Periorbital Hyperpigmentation: Review of Etiology, Medical Evaluation, and Aesthetic Treatment

April 2014 | Volume 13 | Issue 4 | Original Article | 472 | Copyright © April 2014

Wendy E. Roberts MD

Generational and Cosmetic Dermatology, Rancho Mirage, CA

table 5
>75% clearance = 4. Clinical grades ranged from 1 to 4, with an average score of 2.5, corresponding to approximately 50% improvement 9 weeks after laser resurfacing Posttreatment melanin readings (mean value = 1.14) were not significantly different from those obtained preoperatively (mean value = 1.25), and thus did not correlate with the favorable clinical findings seen. Four patients experienced transient infraorbital hyperpigmentation postoperatively lasting 8 weeks.37
Another study used a CO2 laser followed by a Q-switched alexandrite laser, effectively targeting pigmentation in the dermis and epidermis.38 Several authors including Tierney, Hanke, and Moody have commented on the effectiveness of nonablative fractional photothermolysis (FP) for the treatment of POH.36,38 The fractionated 1550nm erbium doped fiber laser creates microscopic, pixels of wounding in the dermis results in significant skin pigmentary and textural improvements without the adverse effects of prolonged wound healing and risks of dyspigmentation associated with traditional ablative resurfacing. 39 The nonablative fractionated 1550-nm erbium-doped fiber laser been proven to treat a variety of pigmented conditions effectively, including photoaging and melasma. The proposed mechanism of action is fractionated photothermolysis with preservation of the stratum corneum while creating microscopic treatment zones (MTZs) of thermal injury in the epidermis and dermis.39,40 The laser functions to eliminate melanin pigment from the epidermis and dermis through a “melanin shuttle,” which exudes the pigment from the skin through the MTZs.40,41 Moody et al, reported one case of a Fitzpatrick II female diagnosed with POH who underwent four non ablative laser treatments spaced out at 4 week intervals with a 1550nm fractionated erbium-doped fiber laser over a 4 month period. They used a 15mm spot, energy fluency of 70 J/cm2 treatment level of 10-11, 4 passes for a total surface area coverage of 29-32%. This was used in conjunction with a Zimmer chilling cryo system that kept the epidermis cool during the treatment. Two months after the last treatment the physician and patient noted significant improvement of the POH.40 What must be stressed in this successful case report is the skin type of the patient and these settings must be readjusted in skin of color patients (Case 1 and Case 2). In 2010 a consensus panel of experts convened to communicate best practices for fractional photothermolysis42 Ruiz Esparza examined the efficacy of nonablative radiofrequency (NARF) to tighten noninvasively the skin laxity of the lower eyelids by treating the periorbital area.43 Nine patients with skin flaccidity of the lower eyelids had a single treatment session with NARF in a small area of skin in the periorbital region, specifically the zygomatic and/or temporal areas. His results indicated that all of the nine patients in the study achieved cosmetic improvement of the eyelids ostensibly through skin contraction. All patients were able to return to their normal routines immediately. Results were gradual and patient satisfaction was remarkable. No complications were seen in this study. He concluded that NARF was successful in providing a safe, noninvasive, cosmetic improvement in patients with excessive skin laxity of the lower eyelids. Similar findings for NARF were also seen in 2008 by Sukai.44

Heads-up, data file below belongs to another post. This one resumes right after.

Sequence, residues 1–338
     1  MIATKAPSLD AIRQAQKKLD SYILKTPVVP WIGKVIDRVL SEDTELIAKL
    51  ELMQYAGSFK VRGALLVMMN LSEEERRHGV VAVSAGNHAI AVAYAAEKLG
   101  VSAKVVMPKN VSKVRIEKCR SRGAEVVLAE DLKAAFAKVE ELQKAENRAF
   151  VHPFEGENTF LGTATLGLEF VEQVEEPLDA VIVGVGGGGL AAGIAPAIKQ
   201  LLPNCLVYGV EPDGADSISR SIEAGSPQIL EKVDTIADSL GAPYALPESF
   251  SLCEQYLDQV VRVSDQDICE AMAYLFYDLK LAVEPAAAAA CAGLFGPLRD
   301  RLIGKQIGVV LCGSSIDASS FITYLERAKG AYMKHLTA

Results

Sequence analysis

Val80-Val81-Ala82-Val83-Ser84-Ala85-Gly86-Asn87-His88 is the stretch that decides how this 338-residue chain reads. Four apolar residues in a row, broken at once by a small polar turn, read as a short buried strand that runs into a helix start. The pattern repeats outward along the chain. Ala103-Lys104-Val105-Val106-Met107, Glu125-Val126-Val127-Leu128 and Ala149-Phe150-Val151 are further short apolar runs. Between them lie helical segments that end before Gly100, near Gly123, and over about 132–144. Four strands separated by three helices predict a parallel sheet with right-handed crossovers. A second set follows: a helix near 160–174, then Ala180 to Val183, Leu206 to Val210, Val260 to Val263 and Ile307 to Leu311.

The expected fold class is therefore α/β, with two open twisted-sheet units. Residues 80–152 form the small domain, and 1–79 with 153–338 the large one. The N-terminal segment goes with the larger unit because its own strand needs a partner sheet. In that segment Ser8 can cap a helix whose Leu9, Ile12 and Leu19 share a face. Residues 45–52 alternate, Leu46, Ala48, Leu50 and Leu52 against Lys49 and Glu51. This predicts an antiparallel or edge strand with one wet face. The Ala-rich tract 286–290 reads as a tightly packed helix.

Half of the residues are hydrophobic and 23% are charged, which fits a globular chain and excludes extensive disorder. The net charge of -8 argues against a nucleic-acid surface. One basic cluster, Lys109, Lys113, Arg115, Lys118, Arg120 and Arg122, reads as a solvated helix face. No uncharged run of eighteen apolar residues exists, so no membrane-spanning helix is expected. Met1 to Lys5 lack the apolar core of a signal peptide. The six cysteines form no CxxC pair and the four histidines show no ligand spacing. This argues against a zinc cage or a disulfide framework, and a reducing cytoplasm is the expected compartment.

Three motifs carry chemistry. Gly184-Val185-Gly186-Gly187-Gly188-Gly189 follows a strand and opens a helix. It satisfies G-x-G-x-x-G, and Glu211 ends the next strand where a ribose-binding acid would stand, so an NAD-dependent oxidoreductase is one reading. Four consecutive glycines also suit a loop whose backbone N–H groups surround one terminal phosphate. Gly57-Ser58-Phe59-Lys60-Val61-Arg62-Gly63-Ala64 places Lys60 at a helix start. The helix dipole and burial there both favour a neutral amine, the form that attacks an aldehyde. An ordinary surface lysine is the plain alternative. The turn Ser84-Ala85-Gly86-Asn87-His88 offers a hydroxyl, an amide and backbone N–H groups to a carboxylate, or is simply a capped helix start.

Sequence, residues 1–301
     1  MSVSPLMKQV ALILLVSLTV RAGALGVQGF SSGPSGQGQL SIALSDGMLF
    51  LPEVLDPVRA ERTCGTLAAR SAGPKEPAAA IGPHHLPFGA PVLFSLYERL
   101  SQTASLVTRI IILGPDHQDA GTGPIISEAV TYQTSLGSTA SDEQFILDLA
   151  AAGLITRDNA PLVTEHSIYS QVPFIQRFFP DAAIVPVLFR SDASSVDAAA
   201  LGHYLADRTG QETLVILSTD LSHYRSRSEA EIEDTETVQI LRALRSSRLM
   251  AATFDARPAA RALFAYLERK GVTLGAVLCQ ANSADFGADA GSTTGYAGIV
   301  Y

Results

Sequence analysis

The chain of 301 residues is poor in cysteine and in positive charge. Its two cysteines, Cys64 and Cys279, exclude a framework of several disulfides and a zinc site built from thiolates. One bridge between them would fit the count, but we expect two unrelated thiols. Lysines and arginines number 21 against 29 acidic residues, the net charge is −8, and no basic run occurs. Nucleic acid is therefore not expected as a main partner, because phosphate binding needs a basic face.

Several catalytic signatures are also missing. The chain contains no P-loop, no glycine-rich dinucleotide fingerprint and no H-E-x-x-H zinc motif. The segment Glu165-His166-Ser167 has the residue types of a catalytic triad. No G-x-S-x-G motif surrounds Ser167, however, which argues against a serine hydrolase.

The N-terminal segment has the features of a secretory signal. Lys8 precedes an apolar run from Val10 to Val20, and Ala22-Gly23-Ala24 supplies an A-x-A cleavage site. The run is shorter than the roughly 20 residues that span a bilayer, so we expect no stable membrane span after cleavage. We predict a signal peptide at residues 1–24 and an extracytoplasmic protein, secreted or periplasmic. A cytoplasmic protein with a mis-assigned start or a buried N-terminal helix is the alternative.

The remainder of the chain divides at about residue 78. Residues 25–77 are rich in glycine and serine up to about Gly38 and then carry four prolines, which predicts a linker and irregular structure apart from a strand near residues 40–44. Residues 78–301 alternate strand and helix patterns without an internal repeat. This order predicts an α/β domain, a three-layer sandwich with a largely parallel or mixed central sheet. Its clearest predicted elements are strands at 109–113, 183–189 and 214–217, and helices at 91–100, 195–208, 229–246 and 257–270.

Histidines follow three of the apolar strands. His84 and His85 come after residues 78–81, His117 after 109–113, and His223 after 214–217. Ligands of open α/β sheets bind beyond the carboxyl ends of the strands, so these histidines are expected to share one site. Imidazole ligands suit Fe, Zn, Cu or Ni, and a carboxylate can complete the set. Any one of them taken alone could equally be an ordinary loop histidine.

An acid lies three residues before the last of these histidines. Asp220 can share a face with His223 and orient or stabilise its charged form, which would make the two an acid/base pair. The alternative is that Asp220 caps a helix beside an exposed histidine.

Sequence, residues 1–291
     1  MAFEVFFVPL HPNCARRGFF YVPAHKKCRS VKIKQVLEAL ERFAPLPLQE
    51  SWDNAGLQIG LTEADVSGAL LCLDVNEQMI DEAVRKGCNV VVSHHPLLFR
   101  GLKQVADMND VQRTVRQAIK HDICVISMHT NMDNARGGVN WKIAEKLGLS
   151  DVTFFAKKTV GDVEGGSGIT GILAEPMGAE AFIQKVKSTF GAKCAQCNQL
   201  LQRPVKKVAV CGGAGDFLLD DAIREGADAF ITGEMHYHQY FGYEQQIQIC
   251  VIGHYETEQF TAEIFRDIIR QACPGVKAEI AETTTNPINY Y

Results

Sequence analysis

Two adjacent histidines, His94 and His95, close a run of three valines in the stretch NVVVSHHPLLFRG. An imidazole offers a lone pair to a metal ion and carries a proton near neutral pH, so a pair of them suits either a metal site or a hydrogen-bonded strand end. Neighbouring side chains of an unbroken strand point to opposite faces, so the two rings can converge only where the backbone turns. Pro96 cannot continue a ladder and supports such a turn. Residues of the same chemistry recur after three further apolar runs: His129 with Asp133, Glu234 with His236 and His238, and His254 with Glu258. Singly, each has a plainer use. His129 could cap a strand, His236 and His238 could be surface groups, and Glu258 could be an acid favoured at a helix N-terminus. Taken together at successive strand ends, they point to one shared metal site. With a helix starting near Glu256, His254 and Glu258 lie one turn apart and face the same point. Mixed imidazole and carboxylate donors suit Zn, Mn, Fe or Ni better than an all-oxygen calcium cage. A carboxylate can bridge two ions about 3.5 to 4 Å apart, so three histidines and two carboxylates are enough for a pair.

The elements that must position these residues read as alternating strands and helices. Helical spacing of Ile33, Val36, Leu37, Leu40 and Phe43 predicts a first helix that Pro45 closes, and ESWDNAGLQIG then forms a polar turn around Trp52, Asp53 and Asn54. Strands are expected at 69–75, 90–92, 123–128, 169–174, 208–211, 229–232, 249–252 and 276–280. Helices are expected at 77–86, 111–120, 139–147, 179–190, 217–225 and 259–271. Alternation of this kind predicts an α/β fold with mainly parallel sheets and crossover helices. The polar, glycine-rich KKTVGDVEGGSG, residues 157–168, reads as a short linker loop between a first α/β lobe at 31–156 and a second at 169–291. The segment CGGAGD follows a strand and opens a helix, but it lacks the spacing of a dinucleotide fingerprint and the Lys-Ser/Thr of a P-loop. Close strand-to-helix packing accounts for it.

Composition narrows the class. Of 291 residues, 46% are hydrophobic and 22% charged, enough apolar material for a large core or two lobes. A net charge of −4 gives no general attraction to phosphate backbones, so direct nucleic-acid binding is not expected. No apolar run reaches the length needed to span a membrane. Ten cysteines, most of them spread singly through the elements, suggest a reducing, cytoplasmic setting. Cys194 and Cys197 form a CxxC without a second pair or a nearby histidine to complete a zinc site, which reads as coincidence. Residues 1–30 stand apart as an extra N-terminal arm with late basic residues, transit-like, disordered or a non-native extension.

Injectable Filler

While there have been no randomized controlled studies analyzing the effectiveness of treating POH in isolation, there is evidence based medicine that dermal fillers have shown efficacy in repairing the tear trough deformity that may be an important contributing factor to some cases of POH especially in the skin of color patient. Carruthers, Sadick, and others have worked to classify this complex and multidynamic area.45,46 The European and North and South American aesthetic experts convened at an academic workshop to develop keys to optimal outcomes.47 The best practice guidelines recommended from the consensus group for midface and infraorbital hollow injections were the vertical supraperiosteal depot technique (VSDT) or linear threading for infraorbital hollow augmentation.48 Sharad has recently done a comprehensive review of the tear trough anatomy, treatment techniques, and clinical outcomes. I recommend the reader to this article.49

Ten Clinical Pearls for Tear Trough Injection

  1. It is an advanced technique not for novice injectors
  2. The skin should be sanitized with antiseptic and gloves should be worn throughout the session.
  3. Caution with injecting too quickly either with needle or cannula.
  4. Low-viscosity HA can be safely injected to correct tear trough deformity. High-viscosity HA and permanent fillers should be avoided and only done in the hands of an experienced injector.